Ezra arose to lead the people, and with the leaders of the generations following him, they reestablished the preeminence of Torah in the lives of the people. They instituted changes so that the Torah would not be forgotten. When the second Temple was destroyed and the people found themselves in exile once again, they were a different nation than the exiles from the first destruction. They had been fortified in Torah over years and years. The Torah was ingrained in their being. Their identity was not at risk of being lost. The original exile, which needed to be cut short, now continued. And that is where we find ourselves today.

God asked Avraham “What business do you have with My house – would you not prefer that I exact my punishment on a building of stones rather than the people? Avraham replied that if that was the case, where are the people? Why were they exiled? Avraham was not troubled about his children being in exile. He knew, as he entered into a covenant with God, that they would eventually be redeemed from that exile. However, he was concerned about the effect of that exile – what would the nation look like upon its emergence from exile? Hashem had to allay his fears. He showed Avraham that there would be a short exile and a long exile. He explained why they were going into exile, and why the short exile would be short – the people were losing their identity, they had lost their connection with God. The nation was en masse engaged in vile behavior. They tried to hide their circumcision, that bodily manifestation that distinguished them from the other nations. They rejoiced in each other’s downfall. Rav Eibshitz notes that the primary hatred was not based in the common citizen’s hatred of his brethren, although that existed as well. The ones who were most despised, whose downfall was most celebrated, were the scholars, those who dutifully studied the Torah and adhered to its dictates. These behaviors, in sum, amounted to an absolute rejection of Hashem and His Torah.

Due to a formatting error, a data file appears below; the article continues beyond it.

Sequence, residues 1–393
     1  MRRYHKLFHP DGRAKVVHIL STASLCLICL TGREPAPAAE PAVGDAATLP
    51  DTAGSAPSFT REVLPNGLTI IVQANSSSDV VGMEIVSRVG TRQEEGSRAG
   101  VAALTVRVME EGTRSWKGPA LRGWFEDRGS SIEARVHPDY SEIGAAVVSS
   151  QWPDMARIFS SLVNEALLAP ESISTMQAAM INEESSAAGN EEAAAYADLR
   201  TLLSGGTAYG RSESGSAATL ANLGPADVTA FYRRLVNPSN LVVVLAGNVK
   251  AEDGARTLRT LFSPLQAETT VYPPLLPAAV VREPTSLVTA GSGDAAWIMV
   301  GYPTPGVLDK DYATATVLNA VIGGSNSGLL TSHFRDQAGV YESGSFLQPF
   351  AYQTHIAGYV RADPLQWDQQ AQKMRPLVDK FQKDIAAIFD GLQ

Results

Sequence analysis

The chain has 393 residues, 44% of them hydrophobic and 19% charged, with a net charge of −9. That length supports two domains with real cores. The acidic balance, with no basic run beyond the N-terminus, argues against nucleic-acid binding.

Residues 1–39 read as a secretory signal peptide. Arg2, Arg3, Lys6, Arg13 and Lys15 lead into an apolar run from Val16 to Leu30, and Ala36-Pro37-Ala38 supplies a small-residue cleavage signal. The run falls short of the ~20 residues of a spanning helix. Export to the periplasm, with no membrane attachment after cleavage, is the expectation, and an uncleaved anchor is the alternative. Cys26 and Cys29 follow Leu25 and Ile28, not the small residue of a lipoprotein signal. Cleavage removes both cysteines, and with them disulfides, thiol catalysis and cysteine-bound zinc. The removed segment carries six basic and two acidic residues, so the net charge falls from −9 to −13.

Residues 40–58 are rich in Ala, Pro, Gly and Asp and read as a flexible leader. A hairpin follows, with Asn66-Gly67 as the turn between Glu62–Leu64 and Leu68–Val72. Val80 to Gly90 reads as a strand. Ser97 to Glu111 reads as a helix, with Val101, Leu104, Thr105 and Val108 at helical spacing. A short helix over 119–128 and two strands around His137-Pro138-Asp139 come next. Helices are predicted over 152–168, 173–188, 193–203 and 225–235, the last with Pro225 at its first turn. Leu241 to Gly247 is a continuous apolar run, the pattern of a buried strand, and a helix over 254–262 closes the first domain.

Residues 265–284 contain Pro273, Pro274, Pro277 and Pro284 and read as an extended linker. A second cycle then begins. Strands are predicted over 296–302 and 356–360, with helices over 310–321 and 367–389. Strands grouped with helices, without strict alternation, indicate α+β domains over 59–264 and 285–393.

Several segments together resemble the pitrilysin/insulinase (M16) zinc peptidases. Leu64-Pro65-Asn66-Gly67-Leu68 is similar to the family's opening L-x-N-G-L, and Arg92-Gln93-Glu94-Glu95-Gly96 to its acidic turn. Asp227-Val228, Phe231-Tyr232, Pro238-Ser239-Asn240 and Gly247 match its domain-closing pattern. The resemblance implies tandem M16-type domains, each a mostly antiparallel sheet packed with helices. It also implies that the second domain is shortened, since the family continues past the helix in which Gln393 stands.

The Fast of the 10th of Teves recalls the beginning of the end. The series of events that led to the destruction of the first Temple began: Nebuchadnezzar laid siege to the city of Jerusalem. This fast occurs as the remembrances of our last observance, Chanukah, have just begun to fade. On Chanukah, we recall how a small group fought against the massive pressure to drop their Jewish identity. Only a few days later, we fast to recall the start of an exile that began for that very reason. We know that fast days are intended to be days of introspection, days of repentance. The fast of the 10th of Teves is a particularly appropriate time to reflect on our Jewish identity. Do we act in a fashion that comports with the description given to those in the nation of Israel as modest, merciful and kind? Do we properly value and respect the Torah and its standard bearers? The lessons of Chanukah and the 10th of Teves should serve to make us a stronger nation, as individuals and as a whole.


Text Copyright © 2006 by Rabbi Yehudah Prero and Torah.org.

The author has Rabbinic ordination from Mesivta Tifereth Jerusalem, NY.